A local entrepreneur has combined innovation, sustainable practices and assistance for the less fortunate in one clever venture.
Armando Camacho has a knack for inventing solutions to everyday problems. He patented his first invention at just 19, and hasn’t stopped since. He has now created Basket for Life, an ingenious idea that eliminates plastic bags in retail outlets and provides a safe, easy storage solution for both homes and businesses.
Camacho established Basket for Life as a not-for-profit venture that supports Australian Rotary clubs and other charitable community organisations. He has been supported by fellow Rotarian Jeremy Carter, who is CEO of Rapport Leadership.
The idea is simple enough — the sale of plastic baskets and rack
systems that can be used in a wide variety of situations. A dollar from
the sale of every basket goes to the local Rotary club, and 98% of
donations go to people in need. The rest is divided between local Rotary clubs and other charities.
And to cap it off, his Basket for Life concept was recently a finalist in the Small Business Ventures and Projects category at the Australian Engineering Excellence Awards in Sydney. These awards showcase outstanding achievements in engineering.
“I was trying to find a better solution to all the different types of storage solutions out there,” said Armando. “Each type had strengths, but also limitations. That’s when I decided I wanted a storage solution that you can also take with you.
“It’s an honour to stand amongst Australia’s most prestigious engineering professionals, but more so to show Australia and the world how this simple storage solution can change lives,” he said. “It’s about helping people in first-world countries to become more organised and then use this venture’s profits to support important aid programs in developing countries.”
His solution is deceptively simple — a rack with removable plastic baskets. The rack is readily assembled and can hold up to seven baskets.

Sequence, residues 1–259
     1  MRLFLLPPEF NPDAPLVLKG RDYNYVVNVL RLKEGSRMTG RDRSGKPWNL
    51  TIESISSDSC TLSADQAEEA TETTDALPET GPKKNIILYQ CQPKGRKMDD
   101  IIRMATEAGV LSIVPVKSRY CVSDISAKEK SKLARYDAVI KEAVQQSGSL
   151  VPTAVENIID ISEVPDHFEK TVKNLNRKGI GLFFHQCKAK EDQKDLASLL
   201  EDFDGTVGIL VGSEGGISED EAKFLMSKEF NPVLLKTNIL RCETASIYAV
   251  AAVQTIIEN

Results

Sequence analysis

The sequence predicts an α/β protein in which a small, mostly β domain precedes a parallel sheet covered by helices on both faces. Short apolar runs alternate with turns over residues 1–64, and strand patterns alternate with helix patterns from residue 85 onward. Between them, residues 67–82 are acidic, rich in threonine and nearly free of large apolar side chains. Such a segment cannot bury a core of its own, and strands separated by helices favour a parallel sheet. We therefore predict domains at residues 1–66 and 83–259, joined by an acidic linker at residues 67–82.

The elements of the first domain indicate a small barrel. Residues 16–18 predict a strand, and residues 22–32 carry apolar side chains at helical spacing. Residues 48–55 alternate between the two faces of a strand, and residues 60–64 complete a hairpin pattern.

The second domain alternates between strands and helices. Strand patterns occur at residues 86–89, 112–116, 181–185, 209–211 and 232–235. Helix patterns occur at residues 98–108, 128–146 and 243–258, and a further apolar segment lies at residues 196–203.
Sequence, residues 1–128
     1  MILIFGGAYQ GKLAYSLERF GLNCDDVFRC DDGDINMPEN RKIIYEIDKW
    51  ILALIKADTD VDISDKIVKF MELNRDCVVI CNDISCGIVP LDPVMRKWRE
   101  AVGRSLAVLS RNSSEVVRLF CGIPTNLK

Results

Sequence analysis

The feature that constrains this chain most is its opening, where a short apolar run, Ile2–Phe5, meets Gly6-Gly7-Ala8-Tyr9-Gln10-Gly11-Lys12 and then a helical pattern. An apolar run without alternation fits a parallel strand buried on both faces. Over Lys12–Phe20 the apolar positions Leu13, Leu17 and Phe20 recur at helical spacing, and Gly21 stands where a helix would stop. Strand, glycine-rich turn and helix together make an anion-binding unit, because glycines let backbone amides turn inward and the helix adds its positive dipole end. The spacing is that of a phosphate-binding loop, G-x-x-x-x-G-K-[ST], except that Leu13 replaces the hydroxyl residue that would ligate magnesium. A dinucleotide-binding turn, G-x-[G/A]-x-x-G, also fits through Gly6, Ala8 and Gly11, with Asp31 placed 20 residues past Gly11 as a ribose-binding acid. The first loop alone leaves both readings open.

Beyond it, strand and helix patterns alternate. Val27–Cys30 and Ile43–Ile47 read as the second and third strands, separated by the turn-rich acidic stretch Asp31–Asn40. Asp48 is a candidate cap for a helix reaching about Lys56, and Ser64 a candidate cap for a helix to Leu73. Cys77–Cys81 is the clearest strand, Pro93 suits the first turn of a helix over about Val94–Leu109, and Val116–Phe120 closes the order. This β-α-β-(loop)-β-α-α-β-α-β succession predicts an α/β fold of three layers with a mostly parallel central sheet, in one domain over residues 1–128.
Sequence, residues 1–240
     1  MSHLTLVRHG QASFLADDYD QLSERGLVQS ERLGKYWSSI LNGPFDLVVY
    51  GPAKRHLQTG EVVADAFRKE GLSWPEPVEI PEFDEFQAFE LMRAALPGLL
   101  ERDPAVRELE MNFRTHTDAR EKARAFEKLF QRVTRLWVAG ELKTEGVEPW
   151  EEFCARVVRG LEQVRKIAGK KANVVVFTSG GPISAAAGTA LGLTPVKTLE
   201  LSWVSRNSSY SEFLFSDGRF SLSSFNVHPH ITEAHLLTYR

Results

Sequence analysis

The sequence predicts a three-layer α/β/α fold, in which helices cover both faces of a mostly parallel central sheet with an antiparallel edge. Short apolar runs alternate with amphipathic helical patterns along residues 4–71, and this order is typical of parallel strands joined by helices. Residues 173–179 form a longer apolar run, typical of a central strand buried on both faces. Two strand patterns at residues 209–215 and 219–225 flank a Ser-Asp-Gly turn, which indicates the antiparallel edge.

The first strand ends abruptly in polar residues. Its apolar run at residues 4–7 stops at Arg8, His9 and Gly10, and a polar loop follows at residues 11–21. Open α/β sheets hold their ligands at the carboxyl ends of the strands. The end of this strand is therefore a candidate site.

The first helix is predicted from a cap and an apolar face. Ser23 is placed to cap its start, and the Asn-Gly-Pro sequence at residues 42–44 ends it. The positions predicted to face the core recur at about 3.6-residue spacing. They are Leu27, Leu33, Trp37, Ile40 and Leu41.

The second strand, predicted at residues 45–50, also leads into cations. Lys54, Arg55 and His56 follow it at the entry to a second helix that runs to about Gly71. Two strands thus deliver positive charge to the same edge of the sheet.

The baskets retail for less than $10 each, and can be used for shopping and storing items. The racks are modular so users can opt for several different storage methods — for example, a wall standing unit or a tall mobile unit and a shopping trolley.
Armando’s original concept rested on the idea that shoppers take their basket to the shop, fill them with groceries or other items and once they were scanned, the baskets would be refilled and taken home, removing the need to use plastic bags. The baskets can be stored on the racks instead of unpacking them in a pantry.
The storage system can also be used in the laundry for clothes, cleaning products, in the garage or in children’s rooms and rumpus rooms.
“Basket for Life can change the way you organise your life,” said Armando. He suggested that the system could also be used for workplaces, classrooms, hospitals and healthcare practices.
Several Australian retailers are considering personalising Basket for Life for their own stores.
Armando is thinking big. He is looking at pushing the concept globally through Rotary International.
“You’ve got to look at the big picture and what the big goal is, rather than messing around with $1,000 here and $1,000 there. Our goal is to raise $100,000 in Australia in 2016/2017, and then $1,150,000 every year thereafter. This figure is based on five cents per person in Australia. At the international level, we hope to raise way more than that.” ❐

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